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Generation QR Code ISO/IEC18004 in Software Copyright 2008 by The McGraw-Hill Companies. Click here for terms of use.

Copyright 2008 by The McGraw-Hill Companies. Click here for terms of use.
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Introduction of Lead-Free Assembly The introduction of lead-free assembly as a direct consequence of the European Union as shown in Reduction of Hazardous Substances (RoHS) and Waste Electrical and Electronic Equipment (WEEE) directives, changes everything. While lead-free assembly is nothing new, it has existed as a function of design requirements and has been a niche market in a leaddominated one. Plating and assembly of these non lead-bearing platings and solders were learned and understood by the users in this unique market. However, with the RoHS and WEEE directives, this niche, highly-specialized market has become the norm overnight and the forgiving tin lead process is gone. Up and down the supply chain, it s a new game that the supplier base needs to learn and learn quickly if quality and costs are to be maintained. This new game can be learned quickly if real and useable data is available to the process engineers supporting the plating and assembly processes. This means the re-introduction of the incoming inspection departments once used for the testing of components and PCBs, but with more sophisticated tools than the tweezers and solder pots of old. Solderability testing, if performed as outlined and detailed in this chapter, will help with process development, aid with the choice of surface finish, distinguish marginal from excellent suppliers and if followed widely can short circuit the time to return to the process latitude that tin lead provided.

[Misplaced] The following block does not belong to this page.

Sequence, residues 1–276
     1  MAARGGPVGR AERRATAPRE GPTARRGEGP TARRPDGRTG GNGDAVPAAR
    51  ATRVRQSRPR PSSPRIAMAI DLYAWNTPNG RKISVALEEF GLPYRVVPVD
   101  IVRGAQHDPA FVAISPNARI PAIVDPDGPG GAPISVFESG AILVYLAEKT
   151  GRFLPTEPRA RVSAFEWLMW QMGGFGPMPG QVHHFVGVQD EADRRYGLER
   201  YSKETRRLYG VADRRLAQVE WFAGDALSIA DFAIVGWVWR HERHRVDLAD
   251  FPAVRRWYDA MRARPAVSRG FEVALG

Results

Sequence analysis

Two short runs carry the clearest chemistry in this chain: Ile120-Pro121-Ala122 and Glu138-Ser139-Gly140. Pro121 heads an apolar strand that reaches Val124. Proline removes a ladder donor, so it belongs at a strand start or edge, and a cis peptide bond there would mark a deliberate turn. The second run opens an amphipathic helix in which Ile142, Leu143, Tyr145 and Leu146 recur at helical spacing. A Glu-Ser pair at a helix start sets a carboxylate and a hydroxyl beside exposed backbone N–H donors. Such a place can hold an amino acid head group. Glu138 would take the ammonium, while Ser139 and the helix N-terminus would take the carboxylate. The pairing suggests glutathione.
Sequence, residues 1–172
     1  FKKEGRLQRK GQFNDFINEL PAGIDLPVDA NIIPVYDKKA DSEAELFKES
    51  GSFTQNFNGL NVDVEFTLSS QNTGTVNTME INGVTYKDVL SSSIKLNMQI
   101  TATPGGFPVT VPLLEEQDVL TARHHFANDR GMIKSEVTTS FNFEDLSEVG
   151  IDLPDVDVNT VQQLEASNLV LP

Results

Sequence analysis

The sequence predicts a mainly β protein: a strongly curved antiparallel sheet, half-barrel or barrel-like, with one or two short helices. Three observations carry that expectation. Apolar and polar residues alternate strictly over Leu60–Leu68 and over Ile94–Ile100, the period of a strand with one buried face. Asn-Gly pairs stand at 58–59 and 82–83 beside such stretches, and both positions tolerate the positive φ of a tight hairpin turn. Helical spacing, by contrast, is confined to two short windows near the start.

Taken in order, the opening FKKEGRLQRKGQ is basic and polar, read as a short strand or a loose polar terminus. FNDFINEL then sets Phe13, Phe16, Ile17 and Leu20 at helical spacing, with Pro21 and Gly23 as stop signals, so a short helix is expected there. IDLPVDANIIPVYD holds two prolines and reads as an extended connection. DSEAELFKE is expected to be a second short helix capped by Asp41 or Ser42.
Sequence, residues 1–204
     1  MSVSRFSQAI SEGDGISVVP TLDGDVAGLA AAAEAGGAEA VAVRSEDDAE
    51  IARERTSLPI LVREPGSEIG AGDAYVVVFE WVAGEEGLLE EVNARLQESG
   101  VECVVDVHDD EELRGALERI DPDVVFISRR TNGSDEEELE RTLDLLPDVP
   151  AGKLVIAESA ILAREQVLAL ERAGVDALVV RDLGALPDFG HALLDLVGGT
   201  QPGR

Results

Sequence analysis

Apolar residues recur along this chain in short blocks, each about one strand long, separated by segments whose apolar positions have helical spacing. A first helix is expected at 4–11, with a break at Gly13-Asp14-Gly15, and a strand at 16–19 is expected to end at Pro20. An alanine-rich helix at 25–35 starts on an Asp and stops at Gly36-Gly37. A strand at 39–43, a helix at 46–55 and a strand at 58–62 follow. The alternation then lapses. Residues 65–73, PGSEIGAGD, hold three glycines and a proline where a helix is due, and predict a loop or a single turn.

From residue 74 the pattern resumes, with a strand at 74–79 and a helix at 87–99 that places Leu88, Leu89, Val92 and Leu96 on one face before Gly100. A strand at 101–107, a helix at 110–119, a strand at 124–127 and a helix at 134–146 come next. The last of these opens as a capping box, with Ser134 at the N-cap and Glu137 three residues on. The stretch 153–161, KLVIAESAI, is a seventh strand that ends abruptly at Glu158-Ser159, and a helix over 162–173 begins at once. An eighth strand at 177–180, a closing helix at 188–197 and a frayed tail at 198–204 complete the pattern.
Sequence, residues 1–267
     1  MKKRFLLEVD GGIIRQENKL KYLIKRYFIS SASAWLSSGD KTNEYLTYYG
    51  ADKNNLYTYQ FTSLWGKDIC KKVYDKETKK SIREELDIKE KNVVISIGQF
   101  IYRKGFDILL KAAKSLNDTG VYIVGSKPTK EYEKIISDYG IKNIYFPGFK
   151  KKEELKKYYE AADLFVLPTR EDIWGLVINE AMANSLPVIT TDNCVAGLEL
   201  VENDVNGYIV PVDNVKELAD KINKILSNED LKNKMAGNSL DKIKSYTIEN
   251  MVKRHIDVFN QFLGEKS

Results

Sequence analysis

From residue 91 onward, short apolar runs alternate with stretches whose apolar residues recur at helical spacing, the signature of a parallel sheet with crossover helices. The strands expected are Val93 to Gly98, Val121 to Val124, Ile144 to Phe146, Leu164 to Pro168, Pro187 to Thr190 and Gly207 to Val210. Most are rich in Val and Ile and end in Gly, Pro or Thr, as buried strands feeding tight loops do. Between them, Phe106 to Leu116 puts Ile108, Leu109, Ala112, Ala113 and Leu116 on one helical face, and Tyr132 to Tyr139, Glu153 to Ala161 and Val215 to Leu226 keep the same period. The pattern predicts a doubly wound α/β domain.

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To understand the issues of solderability it is first important to understand what is meant by the term, including appropriate definitions, the physical properties of the materials involved, and the various standards developed to guide the user to ensure that the solder process will be successful.